On January 18, Cale made a post titled “The Problem with Romance Novels” and proceeded to denigrate the entire genre of romance.  This, of course, made a lot of people on the internet angry.  Quelle surprise!

Cale claims to be a “sexy, single white male with a really big, uh, wallet.”  There is one claim in that list that I’d believe, and that’s the “single, white male” part. 

But I digress.

For those who don’t want to give this guy more hits on his site, here’s a breakdown of what he’s saying.

His claims:

1) Romance novels and authors demanding respect is similar to people demanding respect for finger paintings.  Translation: it’s ridiculous.

2) Romance is responsible for the “almost 50%” illiteracy rate in this country. (Not sure where he’s getting his numbers- he didn’t source them, although throughout his post, he required others to reference all of THEIR claims.  Just saying, is all.)

3) Romance writers do not deserve the same respect as “authors of much higher standing.”  (It reads like he doesn’t think they deserve any respect at all.)

4) Romance novels are DESIGNED to be inferior.

5) Romance and love stories are things belonging to junior high school girls and should be left behind when girls become women. (I don’t even know.  I mean, seriously?  WTF?)

6) “If a romance story were that good, it would no longer be referred to as romance, but would instead simply be known as drama or literary fiction or a classic love story.” (*blinks*)

I tried to engage the guy in genial, polite discourse, and he stuck to his guns.  Romance is for little kids, he seems to think.  I was dismissed with a wave of the guy’s hand.

As an aside, I’m disturbed by this.  Romance, with all the sexy times and serious emotional connections, are for kids?  What does he think adults are doing when they date and get married, etc?  Does he think it’s all rational, logical decisions based on cost analysis and future projections of wealth, or possibly a decision based on genetic compatibility alone?  There is a reason this guy is single and I think this might be a big part of it.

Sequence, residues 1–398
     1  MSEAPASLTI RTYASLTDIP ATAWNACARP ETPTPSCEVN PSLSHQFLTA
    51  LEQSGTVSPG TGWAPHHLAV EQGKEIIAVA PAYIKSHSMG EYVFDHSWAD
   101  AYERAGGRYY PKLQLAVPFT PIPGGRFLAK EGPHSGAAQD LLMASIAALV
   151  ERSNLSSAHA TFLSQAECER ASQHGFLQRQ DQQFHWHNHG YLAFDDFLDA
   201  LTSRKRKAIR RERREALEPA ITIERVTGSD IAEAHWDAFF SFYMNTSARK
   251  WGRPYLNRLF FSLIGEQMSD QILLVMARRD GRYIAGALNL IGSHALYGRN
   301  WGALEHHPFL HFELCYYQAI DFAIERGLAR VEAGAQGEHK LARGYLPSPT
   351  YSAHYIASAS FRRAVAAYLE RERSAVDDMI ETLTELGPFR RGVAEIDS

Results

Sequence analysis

He makes a big deal about Ivy League schools not treating romance as “real” literature, as well.  He even goes so far as to research people that are mentioned in comments so he can discount their academic status (“He’s not a REAL Harvard professor, he’s just a guest lecturer,” blah, blah, blah).  The pretention is just oozing off the page by the time you get to these comment replies.  I think I threw up a little in my mouth.

I was really incensed for a bit, until I figured it out.

The dude is a troll.

Read that again and let it sink in.


Dude is a douche canoe. And sadly, I'll bet he doesn't even float.

He’s not trolling someone’s blog in the comments, he’s trolling the entire romance/reading COMMUNITY in order to get traffic to his blog.  He clearly needs it.  The guy is at the same level that I am- he’s trying to get published, make a name for himself, but he hasn’t gotten there yet.  He’s trying to build his readership, get some eyes to his blog to check him out.  He’s not getting the kind of traffic that he wants (prob. because he’s pretentious and derogatory as shit, but that might just be me) so he’s decided to try something new.

He nukes the romance community from space (it’s the only way to be sure!!!) and watches the traffic to his site just skyrocket.

My guess?  He’s seen what’s been happening with all of the reviewer vs. author stuff and knows that controversy will get you a lot of attention.  And boy, is he getting it.

The problem with his plan, is that he looks like a total toolbox.  Why?  Because the people he’s drawn to his site are ROMANCE READERS who are not going to agree with him.  And the more dismissive and condescending he gets with his comments, the less likely it is that these people are going to be swayed to his perspective.

Am I going to go back and read more of this guy’s stuff?